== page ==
767-336 G-BNWD by Gemini. This is possibly the most sought after of all BA models – it’s very rare and very expensive when they do come available. I paid nearly £50 ($75US) for this after three years of eBay battles to get one that didn’t head off in to the pricing stratosphere! I’ve seen them go for over twice the amount I paid in bidding frenzies! In fact I haven’t seen another on eBay in nearly a year. Rolls Royce equipped with RB-211’s they are very noisy and this example I flew on to Istanbul in 2008 and to Rome in 2012. She was un-refurbished and was classified as a long haul aircraft but they have often been used on domestic peak time routes. Withdrawn from service in July 2014 and flown to Victorville for scrap as 787-8’s became available. BA never fitted winglets to these as the wing frame and engine type couldn’t cope with them without additional cost. At the time the 787-8 was due to replace them 5 years earlier than it did so it wasn’t considered cost effective. All will be replaced by 2017-18. As a model, it’s one of Gemini’s best from the 2008 period, it really is nice, a quality example.
I did have three BA 772’s but I find them so dull I got rid of 2 and kept just G-YMMO. Oddly while the 767 is worth a great deal, the 772’s go for a few dollars. This one was just £9 ($14.50US). Will stay in BA service until they retire her, some 5-6 years from now. as a model, really quite good, better that the earlier G-YMMA from 2001 which had the split tail mould.
777-336 G-STBA BA have leased 12 of these for 10 years to cover the gaps in fleet deployment due to the delay over the 787-8/10’s they ordered and the upcoming retirement of the 744 fleets older aircraft. This was the first and is very much proof that Gemini employ different standards to some airlines models than they do others. Lufthansa, BA, Emirates, American & United seem to get special treatment and this is a fine example of a good Gemini in a sea of mediocrity produced at the time (2012). One of my favourite 773’s the livery works well on it. By G-STBC BA had started deploying the crest again, but G-STBA & B remain as the model for now.
747-436 G-CIVP by Gemini. This is my favourite BA model. The detail is excellent and she’s one of the best Gemini BA’s by some margin. Right down to the engine detail. G-CIVP is one of the series fitted with middle tanks and the premium economy seating behind business and in front of economy. Flew her back from San Francisco in 2011. Likely to remain in service until 2020-23 and so will…
G-CIVY. I had to have this one, flew to San Francisco on her in 2012 (and back on G-CIVJ, the last time I ever flew BA long-haul, it was a terrible flight, exploding food trays, accidental overhead deployment of the masks, just freakish and the crew couldn’t give a monkeys uncle about anything). She has no mid tanks and has PE between First and Business right behind Door 1. Unless you’re flying First Class its the only time you’ll get asked to go left to your seat on a BA 744! The model is lacking the same level of detail as G-CIVP, why I don’t know, but there we are. She used to have G-CIVX and Z to partner with but they’ve been sold off.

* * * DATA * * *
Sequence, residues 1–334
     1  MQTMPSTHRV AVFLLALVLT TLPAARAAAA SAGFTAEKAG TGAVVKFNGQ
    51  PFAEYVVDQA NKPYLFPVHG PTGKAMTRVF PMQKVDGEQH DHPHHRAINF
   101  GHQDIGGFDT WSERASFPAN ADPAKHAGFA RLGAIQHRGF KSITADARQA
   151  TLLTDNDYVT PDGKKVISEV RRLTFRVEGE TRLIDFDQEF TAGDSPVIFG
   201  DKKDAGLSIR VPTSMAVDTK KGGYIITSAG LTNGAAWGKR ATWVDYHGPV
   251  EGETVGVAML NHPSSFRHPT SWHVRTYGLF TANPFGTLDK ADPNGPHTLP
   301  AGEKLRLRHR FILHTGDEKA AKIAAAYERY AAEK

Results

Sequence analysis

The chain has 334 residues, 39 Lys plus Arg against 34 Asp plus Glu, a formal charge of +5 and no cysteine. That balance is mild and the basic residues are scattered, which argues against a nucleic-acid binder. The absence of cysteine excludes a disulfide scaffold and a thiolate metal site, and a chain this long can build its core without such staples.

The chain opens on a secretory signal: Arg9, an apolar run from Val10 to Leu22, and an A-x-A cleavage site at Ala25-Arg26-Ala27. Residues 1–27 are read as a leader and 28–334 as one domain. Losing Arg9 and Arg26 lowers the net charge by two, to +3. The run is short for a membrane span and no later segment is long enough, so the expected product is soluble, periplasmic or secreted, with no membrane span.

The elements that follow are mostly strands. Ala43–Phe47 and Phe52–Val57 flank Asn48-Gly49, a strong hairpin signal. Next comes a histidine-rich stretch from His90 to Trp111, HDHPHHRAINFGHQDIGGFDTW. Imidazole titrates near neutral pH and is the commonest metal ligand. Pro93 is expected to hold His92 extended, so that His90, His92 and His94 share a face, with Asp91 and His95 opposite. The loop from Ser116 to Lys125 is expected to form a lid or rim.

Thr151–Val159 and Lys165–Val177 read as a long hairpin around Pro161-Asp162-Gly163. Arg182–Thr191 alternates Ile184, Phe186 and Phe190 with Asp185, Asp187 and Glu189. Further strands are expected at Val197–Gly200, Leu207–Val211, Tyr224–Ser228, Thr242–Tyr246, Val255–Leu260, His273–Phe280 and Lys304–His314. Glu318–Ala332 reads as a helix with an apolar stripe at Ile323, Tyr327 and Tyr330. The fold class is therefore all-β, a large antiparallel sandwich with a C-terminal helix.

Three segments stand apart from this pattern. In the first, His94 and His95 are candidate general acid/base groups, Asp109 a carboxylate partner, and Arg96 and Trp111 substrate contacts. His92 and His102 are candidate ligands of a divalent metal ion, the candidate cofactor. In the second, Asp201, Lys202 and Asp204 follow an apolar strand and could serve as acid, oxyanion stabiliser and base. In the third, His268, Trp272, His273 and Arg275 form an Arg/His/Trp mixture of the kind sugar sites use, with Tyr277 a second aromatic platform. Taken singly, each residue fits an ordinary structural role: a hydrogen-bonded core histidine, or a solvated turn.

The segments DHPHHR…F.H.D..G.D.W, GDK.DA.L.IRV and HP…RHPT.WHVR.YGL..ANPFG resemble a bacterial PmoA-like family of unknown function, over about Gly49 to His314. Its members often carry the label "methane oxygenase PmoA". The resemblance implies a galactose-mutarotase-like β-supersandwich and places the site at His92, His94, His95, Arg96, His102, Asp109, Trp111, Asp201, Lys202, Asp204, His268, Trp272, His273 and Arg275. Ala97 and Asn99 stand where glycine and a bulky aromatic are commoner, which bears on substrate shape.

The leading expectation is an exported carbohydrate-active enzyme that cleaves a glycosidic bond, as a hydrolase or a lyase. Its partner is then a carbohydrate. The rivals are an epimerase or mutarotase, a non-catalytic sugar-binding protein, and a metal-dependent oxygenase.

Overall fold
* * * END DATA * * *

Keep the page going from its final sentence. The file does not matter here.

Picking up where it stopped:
787-8 G-BDRM with several other Gemini models was produced back when everyone thought they were going to get their Dreamliners by 2010. I’ve had her since and she remains the only 787-8 in BA colours. If they make G-ZBJC I’ll buy it as it’ll have my initials! Sad but really it’s the only reason I would. As a model it’s really quite good. So good it was the reason I chose not to buy the two ‘real’ aircraft JA & JB when they came out.
The only examples of the 748F BA went for (I always thought it was telling that BA never bought the 748i). These were badged Gemini but were in fact Phoenix moulds. BA paid Global Supply Systems at Stansted to operate G-GSSD, E & F but with the cargo market in Europe in free-fall and over capacity world wide, BA chose to cut the cargo market altogether and handed the aircraft back to GSS in April 2014. All three had models made of them, and they are my favourite 748F’s along with the Cargolux. Other than some minor quality issues (rear roof aerial vanishing), it’s a good model.
It’s no secret I love A380’s. I was one of the several thousand people who went to Manston Airport (now closed) back in July 2013 when BA used the airport for training. It’s first arrival day was something special and no mistake. I had no idea so many people would be there, it was really rather awesome. Sadly the model isn’t. The Gemini mould is really the poorest of all those that have been released (the Phoenix mould as I proved in my A380 review: Who Makes The Best A380? is the best). However its quality is other wise pretty good, though the wheels are not wonderful.
I often forget Concorde, the Schuco-Gemini version of G-BOAC. I keep her as a museum piece on the edge of RLSI. I had the great sadness of flying on one of those round- the bay of Biscay at supersonic flights, only two weeks later to be driving back from Switzerland and witness the CDG crash. Few things ever shook me as much as that did, a tale for another time.